Madison shooting victim a retired teacher, coachMADISON (AP) — A pastor with Trinity Lutheran Church in Madison has confirmed to the Associated Press that Norman Johnson, a member of his congregation, was killed in the shooting that has the community on edge.
By: Dirk Lammers, The Associated Press
MADISON, S.D. (AP) — A shooting in the eastern South Dakota city of Madison took the life of a 72-year-old retired English teacher and track coach, the Associated Press has learned.
Norman Johnson was retired from teaching at Madison High School and an active member of the Trinity Lutheran Church. Pastor Dirk Hagmaier said his congregation is shocked that such an active and well-liked community member was the victim in the Tuesday night shooting. Police are still scouring the city for a suspect.
“He was very committed to the church and to the community,” Hagmaier said. “Children — many children — would have gone hungry if not for him.”
Hagmaier said a community gathering is planned for 7 p.m. Wednesday at the church at 203 N. Harth Ave.
No one has been arrested in the shooting, and Police Chief Chuck Pulford on Wednesday refused to give any details beyond a vague description of the suspect: a white male, 50-60 years old, between 5-feet-8 and 6 feet tall and possibly wearing glasses and a ball cap. Police said he was believed to be driving a maroon four-door sedan.
Officer Heath Abraham said officials had no leads as of Wednesday afternoon.
After the shooting, police went door-to-door in Johnson's neighborhood — specifically along Northwest Fifth Street, where he lived with his wife, Barbara — asking if residents had seen anything suspicious. Many of the city's 6,500 residents had left on their porch lights overnight in hopes of helping police spot the suspect.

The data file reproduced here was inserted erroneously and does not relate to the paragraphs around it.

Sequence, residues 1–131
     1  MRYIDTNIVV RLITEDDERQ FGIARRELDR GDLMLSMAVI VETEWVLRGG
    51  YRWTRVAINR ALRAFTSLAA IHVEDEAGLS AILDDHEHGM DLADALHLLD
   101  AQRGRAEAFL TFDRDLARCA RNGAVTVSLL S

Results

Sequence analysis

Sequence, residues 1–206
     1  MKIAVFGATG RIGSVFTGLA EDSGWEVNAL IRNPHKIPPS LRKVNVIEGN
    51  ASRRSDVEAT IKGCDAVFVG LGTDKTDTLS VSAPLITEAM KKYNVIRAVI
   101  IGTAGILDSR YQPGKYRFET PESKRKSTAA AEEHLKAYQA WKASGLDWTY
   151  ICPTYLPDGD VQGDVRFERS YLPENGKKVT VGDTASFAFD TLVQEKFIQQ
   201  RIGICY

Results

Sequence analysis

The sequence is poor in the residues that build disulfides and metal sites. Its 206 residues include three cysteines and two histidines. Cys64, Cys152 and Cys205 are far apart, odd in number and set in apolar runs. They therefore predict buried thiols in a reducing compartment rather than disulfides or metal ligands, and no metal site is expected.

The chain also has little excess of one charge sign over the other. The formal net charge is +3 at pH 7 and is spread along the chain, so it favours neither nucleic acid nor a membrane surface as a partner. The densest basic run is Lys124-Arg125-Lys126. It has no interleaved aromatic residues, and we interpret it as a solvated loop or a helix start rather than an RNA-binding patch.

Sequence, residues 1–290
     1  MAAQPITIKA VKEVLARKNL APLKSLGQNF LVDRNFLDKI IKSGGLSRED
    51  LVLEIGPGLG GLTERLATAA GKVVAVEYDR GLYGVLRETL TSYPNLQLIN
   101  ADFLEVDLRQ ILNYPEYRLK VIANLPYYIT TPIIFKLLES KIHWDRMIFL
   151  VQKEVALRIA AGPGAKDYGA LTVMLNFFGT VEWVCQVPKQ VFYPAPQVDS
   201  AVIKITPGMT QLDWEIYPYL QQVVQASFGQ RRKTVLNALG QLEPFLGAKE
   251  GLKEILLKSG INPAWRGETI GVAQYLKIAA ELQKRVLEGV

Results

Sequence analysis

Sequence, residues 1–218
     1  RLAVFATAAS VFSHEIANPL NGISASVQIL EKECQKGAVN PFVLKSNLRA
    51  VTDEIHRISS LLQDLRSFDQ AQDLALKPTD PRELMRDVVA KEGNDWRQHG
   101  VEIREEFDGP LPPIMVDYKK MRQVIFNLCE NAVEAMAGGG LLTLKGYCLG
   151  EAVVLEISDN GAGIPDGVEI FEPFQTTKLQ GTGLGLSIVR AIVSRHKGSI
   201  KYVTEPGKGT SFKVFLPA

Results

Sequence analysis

“People are scared to go to school,” said Maisie Hewitt, 14, who lives just a block from the crime scene and was feeling ill after getting little sleep overnight. Like many high schoolers, she chose to stay home from Madison High School on Wednesday. Madison Central schools held classes, but officials put the schools under a lockdown to prevent students from leaving until the end of the school day.
Alan Serfling, who lives two houses away from the crime scene on Fifth Street, said he and his wife were in Brookings until 9 p.m. but returned home to the commotion and a warning from police officers.
“They told us to stay in the house, keep the door locked,” said Serfling, who has lived in the neighborhood for 35 years. “Usually, nothing happens on this street.”
Jon Lauck, senior advisor to U.S. Sen. John Thune, grew up in Madison and is a former student of Johnson's. He said he couldn't imagine why anyone would have shot Johnson.
“He was an extremely good teacher, a very good mentor and a great citizen of Madison,” Lauck said. “He was very active in the community and always willing to help students whether in the classroom or on the track field.”
Johnson's brown, wood-shingled house — roped off with yellow crime tape Wednesday morning — is in a quiet, well-established neighborhood across the street from Memorial Park. The picturesque area includes a walking path and a frozen, winding waterway.
The edge of Dakota State University is a block away across the divided Egan Avenue. Students at the school were notified through emails and texts shortly after the incident, and the school made sure classrooms were locked down and residence halls were secure, said Jesse Kane, vice president of student affairs and dean of students. The college has about 1,200 students, including 600 who live on campus.
University classes were scheduled as normal Wednesday morning after police described the crime as an isolated incident, though Kane acknowledged lingering anxiety among some students, staff and faculty.
“Our communication with police indicated there wasn't any foreseeable threat to the campus community or community at large,” Kane said.
“I was speaking with an employee who said she has lived here all her life,” Kane said. “She said she has seen only two incidents like this in the last 60 years.”
Lauck, a history buff, said the last slaying he can recall in the area was in 1906 at Lake Herman. South Dakota law-enforcement officials reported 23 homicides statewide to the FBI in 2010, the last year for which data is complete.
Dakotas News Editor Amber Hunt contributed from Sioux Falls, S.D.